Utrecht University: Researchers solve mystery of ‘structure-insensitive’ catalytic reactions

The team of researchers at Utrecht University, in collaboration with Technion Institute of Technology, Eindhoven University, Oak Ridge National Laboratory, Stony Brook University, and the Paul Scherrer Institute, are publishing their results today in Nature Communications.

Never truly explained
Catalysts are widely used in the chemical industry to more efficiently make fuels, chemicals and materials, including plastics, coatings and pharmaceuticals. Catalysts are nanoparticles, only a millionth of a millimeter in size, that work by activating molecules on their surface. Since catalyst particles are so small, their performance is highly dependent on their shape: a very small particle has more irregular surfaces with single atoms ‘sticking out’, while larger particles have more ‘flat’ sides of atoms.

Knowing that molecules react differently on the regular versus irregular planes of atoms, one would thus expect that larger nanoparticles behave completely differently than smaller ones. However, reactions have been observed where this does not occur. “These ‘structure-insensitive’ reactions were never truly explained,” states Charlotte Vogt, first author of the paper.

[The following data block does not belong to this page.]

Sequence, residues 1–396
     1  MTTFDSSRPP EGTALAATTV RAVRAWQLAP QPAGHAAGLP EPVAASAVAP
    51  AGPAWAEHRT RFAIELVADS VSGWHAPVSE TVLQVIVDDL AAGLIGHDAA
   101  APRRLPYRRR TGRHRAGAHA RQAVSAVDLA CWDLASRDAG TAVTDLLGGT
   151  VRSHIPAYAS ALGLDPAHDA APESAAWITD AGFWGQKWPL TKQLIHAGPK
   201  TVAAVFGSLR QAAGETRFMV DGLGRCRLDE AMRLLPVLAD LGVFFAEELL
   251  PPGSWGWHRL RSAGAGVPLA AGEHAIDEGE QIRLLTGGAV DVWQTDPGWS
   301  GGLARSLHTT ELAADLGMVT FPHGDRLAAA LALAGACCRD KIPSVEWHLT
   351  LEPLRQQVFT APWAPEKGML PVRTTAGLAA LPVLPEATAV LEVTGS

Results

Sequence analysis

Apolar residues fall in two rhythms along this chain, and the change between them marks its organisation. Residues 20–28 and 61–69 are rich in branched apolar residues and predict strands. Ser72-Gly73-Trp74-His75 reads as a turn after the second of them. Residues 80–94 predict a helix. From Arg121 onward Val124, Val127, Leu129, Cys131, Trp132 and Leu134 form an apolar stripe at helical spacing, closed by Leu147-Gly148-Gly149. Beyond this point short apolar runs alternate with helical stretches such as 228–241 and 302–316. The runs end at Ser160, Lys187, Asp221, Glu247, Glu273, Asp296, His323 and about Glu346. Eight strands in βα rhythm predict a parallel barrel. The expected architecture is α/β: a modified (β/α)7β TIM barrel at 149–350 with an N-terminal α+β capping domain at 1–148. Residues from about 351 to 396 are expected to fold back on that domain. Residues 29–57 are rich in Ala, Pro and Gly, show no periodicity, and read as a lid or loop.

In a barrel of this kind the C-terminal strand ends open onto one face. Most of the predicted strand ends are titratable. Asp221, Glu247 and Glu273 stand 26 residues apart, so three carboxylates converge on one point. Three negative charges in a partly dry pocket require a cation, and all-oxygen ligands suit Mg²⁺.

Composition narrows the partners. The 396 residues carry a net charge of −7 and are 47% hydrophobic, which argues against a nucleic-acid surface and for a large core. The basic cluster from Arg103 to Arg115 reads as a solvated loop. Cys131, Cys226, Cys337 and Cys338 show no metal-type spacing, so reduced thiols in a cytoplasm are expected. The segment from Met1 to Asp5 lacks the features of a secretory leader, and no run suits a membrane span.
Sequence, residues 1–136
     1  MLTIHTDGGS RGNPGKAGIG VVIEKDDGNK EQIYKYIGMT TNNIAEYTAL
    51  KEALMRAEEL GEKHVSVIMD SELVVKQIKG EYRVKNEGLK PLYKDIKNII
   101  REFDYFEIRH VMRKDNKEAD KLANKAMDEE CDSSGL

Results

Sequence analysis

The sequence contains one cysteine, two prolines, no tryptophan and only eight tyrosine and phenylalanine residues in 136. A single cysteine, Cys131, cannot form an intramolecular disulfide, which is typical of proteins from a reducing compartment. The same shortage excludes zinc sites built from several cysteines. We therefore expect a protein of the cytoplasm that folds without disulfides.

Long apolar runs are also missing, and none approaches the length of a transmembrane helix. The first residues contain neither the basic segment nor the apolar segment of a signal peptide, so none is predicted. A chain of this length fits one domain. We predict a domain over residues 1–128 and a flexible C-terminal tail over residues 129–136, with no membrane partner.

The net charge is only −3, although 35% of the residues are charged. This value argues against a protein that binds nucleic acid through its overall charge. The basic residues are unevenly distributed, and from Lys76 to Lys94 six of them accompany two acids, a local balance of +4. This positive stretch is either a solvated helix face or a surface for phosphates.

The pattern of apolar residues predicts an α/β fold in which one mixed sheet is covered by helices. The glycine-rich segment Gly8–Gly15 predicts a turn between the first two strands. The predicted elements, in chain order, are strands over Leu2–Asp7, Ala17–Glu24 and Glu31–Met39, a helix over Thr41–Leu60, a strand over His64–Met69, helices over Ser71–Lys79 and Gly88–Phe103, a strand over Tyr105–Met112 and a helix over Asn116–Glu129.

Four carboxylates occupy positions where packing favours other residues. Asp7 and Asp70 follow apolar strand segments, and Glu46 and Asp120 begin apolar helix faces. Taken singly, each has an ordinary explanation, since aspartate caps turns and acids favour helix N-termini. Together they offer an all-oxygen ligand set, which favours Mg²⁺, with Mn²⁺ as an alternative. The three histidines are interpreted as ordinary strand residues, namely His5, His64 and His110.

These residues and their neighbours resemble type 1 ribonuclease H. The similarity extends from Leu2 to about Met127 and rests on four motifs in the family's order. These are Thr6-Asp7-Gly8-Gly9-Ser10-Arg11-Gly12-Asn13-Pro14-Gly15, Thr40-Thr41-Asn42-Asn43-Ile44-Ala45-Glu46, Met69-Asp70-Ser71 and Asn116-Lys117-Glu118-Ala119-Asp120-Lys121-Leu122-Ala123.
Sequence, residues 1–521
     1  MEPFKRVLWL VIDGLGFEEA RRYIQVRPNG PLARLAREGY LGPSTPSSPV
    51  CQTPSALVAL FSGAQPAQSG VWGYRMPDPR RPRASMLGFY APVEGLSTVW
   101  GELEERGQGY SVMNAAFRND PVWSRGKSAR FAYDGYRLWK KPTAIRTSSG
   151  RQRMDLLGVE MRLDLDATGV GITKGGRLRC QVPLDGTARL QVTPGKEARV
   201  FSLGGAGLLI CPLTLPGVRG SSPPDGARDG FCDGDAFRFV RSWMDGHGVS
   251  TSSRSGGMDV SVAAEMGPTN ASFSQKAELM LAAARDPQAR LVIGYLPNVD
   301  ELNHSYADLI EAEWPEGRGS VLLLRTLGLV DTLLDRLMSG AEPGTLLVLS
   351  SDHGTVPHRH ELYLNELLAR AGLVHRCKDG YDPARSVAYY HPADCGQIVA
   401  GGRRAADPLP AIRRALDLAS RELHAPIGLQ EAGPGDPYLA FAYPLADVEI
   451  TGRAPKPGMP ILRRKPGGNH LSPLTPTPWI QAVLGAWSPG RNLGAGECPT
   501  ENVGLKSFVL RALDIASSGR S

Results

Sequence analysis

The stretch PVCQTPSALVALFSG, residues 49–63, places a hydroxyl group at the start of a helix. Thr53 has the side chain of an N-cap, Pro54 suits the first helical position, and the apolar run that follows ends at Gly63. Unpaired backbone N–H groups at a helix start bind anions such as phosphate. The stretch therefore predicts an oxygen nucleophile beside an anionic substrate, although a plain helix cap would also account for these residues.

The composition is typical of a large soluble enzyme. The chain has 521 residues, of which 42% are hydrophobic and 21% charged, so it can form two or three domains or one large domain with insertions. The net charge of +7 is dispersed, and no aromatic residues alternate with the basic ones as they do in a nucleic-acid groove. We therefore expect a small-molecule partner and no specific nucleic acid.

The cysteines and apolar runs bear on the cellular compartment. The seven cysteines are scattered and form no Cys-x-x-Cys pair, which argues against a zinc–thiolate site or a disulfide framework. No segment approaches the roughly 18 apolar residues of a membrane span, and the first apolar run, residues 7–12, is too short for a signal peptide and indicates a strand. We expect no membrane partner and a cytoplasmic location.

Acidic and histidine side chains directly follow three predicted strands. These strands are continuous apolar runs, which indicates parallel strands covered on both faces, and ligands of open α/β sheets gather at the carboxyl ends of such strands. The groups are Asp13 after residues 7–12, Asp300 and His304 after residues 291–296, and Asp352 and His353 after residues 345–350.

Structure sensitive versus structure insensitive
Rapid restructuring
The researchers used a combination of advanced infrared spectroscopy, X-ray spectroscopy and electron microscopy to study a set of well-defined supported nickel catalysts and compared their activity for a structure-insensitive reaction, turning ethene into ethane, and a structure-sensitive one: turning carbon dioxide into methane.

In the supposedly structure-insensitive reaction, they observed a rapid surface restructuring of the metal nanoparticle. This restructuring happens faster as well as more pronounced for larger metal nanoparticles than for smaller ones. The most likely explanation for empirically observed structure insensitivity is thus not the absence of sensitivity to geometrical and electronic effects, which explains structure sensitivity, but the fact that the metal surface rapidly changes as a function of particle size leaving only very specific sites exposed. Therefore, the researchers propose to replace the term ‘structure insensitivity’ with ‘apparent structure insensitivity’.

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